The housing market showed signs of rebounding, with existing home sales rising 1.3 percent in April and new home sales jumping 6.4 percent.

The flash reading of Markit's US manufacturing purchasing managers index for May was 56.2, higher than the 55.4 reading in April.

The Chicago Federal Reserve's national activity index did fall to -0.32 in April from +0.34 in March. Nevertheless, the index's three-month moving average rose to +0.19 in April from +0.04 in March.

Even as the US economy picks up pace though, risks for financial markets may be increasing as monetary policy looks likely to return to normal from the current ultra-easy and unconventional one.

At a speech last week, San Francisco Federal Reserve President John Williams said that, after five years of extraordinary monetary policy, the US economy appears to be making a sustained recovery.

This in turn means that monetary policy is “on the road back to normal”.

However, Williams also warned that monetary tightening after years of “highly accommodative” monetary policy “may exacerbate potential risks to financial stability”. For example, he noted that “interest spreads for risky assets such as junk bonds and leveraged loans have grown quite narrow”, suggesting that “market participants who are awash in liquidity may be ignoring or taking on outsize potential risks”.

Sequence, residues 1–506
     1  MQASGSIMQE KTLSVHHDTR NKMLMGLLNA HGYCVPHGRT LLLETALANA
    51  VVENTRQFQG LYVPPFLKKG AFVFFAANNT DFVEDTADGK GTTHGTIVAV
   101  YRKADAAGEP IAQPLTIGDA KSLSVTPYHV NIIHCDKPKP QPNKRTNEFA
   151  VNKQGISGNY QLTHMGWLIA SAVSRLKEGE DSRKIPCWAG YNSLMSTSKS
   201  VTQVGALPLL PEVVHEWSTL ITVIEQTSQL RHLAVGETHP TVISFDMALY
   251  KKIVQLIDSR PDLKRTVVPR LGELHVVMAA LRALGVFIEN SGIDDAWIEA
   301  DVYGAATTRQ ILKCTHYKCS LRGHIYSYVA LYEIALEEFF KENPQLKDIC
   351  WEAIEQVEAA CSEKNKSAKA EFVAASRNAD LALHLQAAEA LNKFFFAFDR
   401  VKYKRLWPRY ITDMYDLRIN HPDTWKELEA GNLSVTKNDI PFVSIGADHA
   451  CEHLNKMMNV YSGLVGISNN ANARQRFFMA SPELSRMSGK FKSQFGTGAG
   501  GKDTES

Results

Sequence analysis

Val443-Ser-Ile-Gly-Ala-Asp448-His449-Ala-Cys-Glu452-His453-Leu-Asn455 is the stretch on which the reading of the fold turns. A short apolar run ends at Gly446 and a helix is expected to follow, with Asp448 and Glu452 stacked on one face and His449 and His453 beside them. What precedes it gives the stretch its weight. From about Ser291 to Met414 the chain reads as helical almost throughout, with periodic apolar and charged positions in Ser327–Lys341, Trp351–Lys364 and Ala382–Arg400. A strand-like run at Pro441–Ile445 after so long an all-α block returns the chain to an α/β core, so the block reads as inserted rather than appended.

Indeed, in a post at iMFdirect last week, Serkan Arslanalp, an economist at the International Monetary Fund, calls the Fed exit from unconventional monetary policy the “potential shock heard around the world”.

He said that the Fed's exit from unconventional monetary policy could “put upward pressure on long-term bond yields in other economies”. For countries with highly leveraged balance sheets, the rise in long-term yields could “put further pressure on the capacity to service debt and could create headwinds for growth”.

Financial market participants themselves may be recognising the risk. Last week, Bloomberg reported bearish signs in the bond market highlighted by analysts at Morgan Stanley.

This year’s unexpected bond boom may look like a rally, but it doesn’t smell like one.

At least not to Morgan Stanley strategists, who detect something amiss in the way different securities are performing relative to one another.

... Small caps are slumping this year ... while junk-rated securities have gained 4.4 percent.

... The top-tier of speculative-grade bonds is beating the bottom level...